The Skinny on Skinny Bundles

For years, the business model cable companies have revolved around is of the “here’s a whole bunch of stuff you don’t watch alongside some stuff you do” variety and, understandably, many consumers don’t care for paying for items they don’t remotely bother with.  But times they are a-changing and in an attempt to stop cord-cutting, the concept of “skinny bundles” has evolved – or, as Fox’s COO Chase Carey says, cable packages “have to be concocted with the consumer in mind.”1 A skinny bundle, then, is an attempt to woo consumers with cheaper packages featuring less of the programming they don’t want.  So what does this mean for TV?

The concept of skinny bundling was born in early 2015. At the beginning of that year, so-called virtual multichannel video programming distributors (MVPDs), including Dish Network’s Sling and Sony’s PlayStation Vue, launched. These new products offer consumers a select group of channels delivered over the Internet at a discounted price. Shortly after Sling and PlayStation Vue launched, Verizon introduced its own offering, go90. Apple, long rumored to be interested in the TV space, is still formulating its plan.4

Over the summer the share value of the likes of Disney, ESPN, Time Warner and Viacom fell markedly as consumers declined to re-sign contracts and take on another period of paying through the nose for hundreds of ad-infested channels they never use. ESPN alone has lost more than three million subscribers in the last nine months.2

Here are some basic facts2:

  • US consumers pay an average of $92 a month for cable TV
  • “Add-ons” for set-top boxes and routers brings the total average cost to $125 per


  • This for hundreds channels – many of which are dross
  • Subscribers regularly watch just 17 channels out of the 500 they have to pay for.

When consumers don’t have a choice, these types of business models thrive. But once the Netflixes of the world established their dominance, cable companies realized it was time to change things up.

Skinny Bundles





Example: Apple TV’s current skinny bundle ecosystem

In a move as recently as Aug ’16, Dish Network introduced “Flex Pack,” allowing customers to buy a basic bundle and one additional channel pack for $39.99 a month. The basic bundle includes 50 networks like AMC, CNN, Food Network and FX, but won’t include broadcast networks like ABC, CBS , NBC and Fox or cable juggernauts like ESPN or Fox News. Those channels will only be available in separate add-on tiers, each ranging in price from $4 to $10 extra a month. The broadcast tier, for instance, costs $10. Customers can also add on premium networks like HBO and Showtime.3  Said Warren Schlicting, Dish’s EVP of Marketing, Programming & Media Sales, “people are sick and tired of our industry and these giant bundles. What we are trying to do is give the customer choice.”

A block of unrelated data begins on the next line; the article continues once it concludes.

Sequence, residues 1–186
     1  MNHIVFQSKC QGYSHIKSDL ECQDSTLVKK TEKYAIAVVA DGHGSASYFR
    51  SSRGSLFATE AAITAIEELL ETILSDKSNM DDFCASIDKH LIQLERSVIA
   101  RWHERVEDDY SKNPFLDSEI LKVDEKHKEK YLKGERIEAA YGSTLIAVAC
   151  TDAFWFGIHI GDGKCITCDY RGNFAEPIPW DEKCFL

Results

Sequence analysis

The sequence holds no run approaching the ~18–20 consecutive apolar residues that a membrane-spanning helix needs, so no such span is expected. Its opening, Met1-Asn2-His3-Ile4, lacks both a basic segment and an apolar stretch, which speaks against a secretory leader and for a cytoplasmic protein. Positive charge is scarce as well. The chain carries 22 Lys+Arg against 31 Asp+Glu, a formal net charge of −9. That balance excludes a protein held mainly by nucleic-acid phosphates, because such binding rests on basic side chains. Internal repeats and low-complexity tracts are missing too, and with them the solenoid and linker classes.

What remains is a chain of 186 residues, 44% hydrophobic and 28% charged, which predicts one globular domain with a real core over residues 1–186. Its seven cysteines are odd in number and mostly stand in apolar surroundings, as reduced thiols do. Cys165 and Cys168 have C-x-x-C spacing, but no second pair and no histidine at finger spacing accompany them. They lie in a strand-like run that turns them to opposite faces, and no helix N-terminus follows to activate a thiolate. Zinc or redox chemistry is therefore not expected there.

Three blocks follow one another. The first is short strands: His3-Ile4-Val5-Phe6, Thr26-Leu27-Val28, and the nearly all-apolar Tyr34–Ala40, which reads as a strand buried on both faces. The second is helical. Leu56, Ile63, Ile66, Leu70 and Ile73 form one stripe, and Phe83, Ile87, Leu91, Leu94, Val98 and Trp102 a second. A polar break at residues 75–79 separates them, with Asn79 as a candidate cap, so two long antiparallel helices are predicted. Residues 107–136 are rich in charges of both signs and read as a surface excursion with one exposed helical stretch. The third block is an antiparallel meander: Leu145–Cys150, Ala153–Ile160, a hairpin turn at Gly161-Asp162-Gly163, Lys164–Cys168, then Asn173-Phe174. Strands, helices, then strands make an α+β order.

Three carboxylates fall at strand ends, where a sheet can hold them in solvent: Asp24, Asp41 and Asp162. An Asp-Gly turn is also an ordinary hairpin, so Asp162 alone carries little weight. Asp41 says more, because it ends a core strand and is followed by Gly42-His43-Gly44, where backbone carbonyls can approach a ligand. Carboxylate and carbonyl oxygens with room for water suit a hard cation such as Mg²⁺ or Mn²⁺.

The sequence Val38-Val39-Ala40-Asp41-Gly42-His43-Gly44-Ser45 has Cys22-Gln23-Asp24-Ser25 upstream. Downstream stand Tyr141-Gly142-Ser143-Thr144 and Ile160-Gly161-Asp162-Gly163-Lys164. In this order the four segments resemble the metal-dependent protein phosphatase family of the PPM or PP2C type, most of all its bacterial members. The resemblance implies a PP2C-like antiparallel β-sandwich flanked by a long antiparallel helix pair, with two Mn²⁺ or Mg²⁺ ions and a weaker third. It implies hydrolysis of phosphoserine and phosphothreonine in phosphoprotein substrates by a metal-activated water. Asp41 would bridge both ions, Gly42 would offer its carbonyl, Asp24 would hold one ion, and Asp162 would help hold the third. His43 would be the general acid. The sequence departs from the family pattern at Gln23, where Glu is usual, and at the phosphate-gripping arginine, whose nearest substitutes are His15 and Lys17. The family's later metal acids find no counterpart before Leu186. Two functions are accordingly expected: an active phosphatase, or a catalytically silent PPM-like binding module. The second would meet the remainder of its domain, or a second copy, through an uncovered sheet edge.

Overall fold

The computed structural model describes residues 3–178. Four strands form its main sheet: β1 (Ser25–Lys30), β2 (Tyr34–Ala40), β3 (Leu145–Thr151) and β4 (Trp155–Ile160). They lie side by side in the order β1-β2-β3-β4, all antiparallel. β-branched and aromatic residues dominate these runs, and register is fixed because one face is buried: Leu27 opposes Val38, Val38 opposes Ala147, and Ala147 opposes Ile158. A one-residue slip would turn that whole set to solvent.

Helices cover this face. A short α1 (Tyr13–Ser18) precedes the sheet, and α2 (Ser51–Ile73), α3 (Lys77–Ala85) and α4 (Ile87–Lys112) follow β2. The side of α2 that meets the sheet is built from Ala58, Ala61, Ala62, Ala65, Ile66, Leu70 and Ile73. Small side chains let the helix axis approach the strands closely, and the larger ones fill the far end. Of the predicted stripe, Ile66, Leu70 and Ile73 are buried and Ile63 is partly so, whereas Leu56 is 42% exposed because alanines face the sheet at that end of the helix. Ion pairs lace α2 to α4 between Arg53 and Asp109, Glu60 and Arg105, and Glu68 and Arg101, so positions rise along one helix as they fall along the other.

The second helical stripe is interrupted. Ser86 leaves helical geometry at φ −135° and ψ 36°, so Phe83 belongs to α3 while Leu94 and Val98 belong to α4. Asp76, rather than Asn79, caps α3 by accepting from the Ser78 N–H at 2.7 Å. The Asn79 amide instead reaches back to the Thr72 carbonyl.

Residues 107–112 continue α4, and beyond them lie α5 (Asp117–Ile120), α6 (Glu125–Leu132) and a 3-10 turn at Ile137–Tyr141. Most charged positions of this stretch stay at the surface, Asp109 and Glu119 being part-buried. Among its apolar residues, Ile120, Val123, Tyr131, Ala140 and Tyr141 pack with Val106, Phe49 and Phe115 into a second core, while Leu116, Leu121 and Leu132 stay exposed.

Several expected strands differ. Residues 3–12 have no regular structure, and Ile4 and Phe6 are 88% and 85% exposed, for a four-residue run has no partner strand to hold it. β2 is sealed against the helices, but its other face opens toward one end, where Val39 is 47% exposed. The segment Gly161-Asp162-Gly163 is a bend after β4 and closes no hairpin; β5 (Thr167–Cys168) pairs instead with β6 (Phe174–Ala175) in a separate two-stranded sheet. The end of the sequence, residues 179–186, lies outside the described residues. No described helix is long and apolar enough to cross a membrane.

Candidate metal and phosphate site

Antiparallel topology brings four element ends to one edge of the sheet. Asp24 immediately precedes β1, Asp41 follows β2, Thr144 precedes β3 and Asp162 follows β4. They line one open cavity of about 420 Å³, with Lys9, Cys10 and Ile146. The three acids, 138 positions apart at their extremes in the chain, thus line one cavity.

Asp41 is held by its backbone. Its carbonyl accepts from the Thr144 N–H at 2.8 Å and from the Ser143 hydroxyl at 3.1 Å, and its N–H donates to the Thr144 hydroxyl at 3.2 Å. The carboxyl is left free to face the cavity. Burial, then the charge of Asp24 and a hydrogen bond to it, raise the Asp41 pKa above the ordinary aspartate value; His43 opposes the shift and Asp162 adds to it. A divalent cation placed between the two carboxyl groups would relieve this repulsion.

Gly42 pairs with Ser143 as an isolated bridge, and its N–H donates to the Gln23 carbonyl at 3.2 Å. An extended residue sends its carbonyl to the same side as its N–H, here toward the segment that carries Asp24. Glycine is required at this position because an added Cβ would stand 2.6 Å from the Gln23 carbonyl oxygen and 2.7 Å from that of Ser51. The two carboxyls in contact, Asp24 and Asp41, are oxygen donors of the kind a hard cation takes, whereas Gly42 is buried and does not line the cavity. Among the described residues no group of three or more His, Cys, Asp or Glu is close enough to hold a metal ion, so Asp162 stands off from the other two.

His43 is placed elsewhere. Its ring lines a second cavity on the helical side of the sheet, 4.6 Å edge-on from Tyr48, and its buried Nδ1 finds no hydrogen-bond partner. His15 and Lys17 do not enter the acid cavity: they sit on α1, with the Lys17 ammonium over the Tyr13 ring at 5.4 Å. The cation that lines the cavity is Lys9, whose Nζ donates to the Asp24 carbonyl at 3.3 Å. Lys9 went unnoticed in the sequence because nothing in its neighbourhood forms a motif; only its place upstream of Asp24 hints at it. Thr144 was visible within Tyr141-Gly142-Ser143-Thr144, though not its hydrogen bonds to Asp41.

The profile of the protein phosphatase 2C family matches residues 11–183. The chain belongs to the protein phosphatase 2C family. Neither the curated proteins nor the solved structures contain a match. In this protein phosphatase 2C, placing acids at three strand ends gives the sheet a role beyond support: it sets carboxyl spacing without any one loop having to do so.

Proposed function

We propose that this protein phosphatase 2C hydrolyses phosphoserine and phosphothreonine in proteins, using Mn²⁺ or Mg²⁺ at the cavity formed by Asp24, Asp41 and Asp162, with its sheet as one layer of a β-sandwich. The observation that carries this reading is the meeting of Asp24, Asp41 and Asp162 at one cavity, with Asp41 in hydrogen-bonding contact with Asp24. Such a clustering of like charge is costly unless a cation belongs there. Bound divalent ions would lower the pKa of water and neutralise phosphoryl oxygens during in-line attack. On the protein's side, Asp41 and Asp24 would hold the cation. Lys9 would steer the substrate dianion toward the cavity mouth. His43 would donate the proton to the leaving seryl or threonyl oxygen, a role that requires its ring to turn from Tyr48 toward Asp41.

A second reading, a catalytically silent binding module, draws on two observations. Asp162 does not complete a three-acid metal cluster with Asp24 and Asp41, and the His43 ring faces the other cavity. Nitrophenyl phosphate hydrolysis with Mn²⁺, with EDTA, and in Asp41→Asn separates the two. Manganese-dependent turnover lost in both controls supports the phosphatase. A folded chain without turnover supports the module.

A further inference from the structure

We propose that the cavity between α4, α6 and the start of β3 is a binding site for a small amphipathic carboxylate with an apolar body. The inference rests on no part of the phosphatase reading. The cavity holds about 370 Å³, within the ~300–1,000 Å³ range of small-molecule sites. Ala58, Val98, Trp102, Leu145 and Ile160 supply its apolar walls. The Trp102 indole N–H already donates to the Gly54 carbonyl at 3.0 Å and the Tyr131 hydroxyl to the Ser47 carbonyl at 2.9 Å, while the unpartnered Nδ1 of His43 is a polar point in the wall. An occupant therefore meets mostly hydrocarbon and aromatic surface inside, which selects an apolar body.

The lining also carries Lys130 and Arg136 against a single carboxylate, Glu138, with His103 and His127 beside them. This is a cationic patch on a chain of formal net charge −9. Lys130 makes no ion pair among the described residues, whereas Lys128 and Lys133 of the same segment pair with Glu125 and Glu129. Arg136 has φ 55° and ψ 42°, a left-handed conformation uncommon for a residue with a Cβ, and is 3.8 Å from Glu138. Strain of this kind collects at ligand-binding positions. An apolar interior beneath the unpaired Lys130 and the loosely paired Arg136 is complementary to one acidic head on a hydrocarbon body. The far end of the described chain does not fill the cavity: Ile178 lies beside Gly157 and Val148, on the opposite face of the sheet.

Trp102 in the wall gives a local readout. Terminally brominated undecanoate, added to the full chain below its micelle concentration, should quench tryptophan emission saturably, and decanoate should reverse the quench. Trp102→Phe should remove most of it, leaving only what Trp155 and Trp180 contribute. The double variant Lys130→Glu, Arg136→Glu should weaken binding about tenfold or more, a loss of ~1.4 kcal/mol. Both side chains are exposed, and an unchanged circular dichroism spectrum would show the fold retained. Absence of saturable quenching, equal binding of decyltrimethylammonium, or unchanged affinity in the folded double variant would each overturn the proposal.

The downside to a skinny bundle is that they often exclude many low- and mid-tier networks such as Oxygen, BBC America, IFC, Destination America, Nat Geo Wild and WGN America. L.E.K. Consulting surveyed consumers to determine their interest in skinny bundles and to find out which features, channel combinations and price points appealed most to them. The bottom line was that, for those types of networks, the future is uncertain. Worst-case scenarios show revenue declines so large as to call into question the ability of low- to mid-tier cable networks to remain profitable without making drastic changes.4

And that, friends, is the skinny.





OTT Content Means OTT Revenue

OTT is rapidly becoming a way to increase revenue and major corporations are piling in. At its heart, Over The Top (OTT) content is the term used for the delivery of film and TV content via the Internet, without requiring users to subscribe to a traditional cable or satellite pay-TV service like a Comcast or Time Warner Cable.1

Because all things OTT “sits at the center of the inevitable and unstoppable merger between the worlds of television and digital video,”1 it’s a hugely attractive proposition.  Earlier this year, CBS said it expects their over-the top business to generate $800 million in revenue by 2020. Half of that revenue would come from CBS All Access and the other half from Showtime’s over-the top product.  By 2020, the company project each should have about 4 million subs.2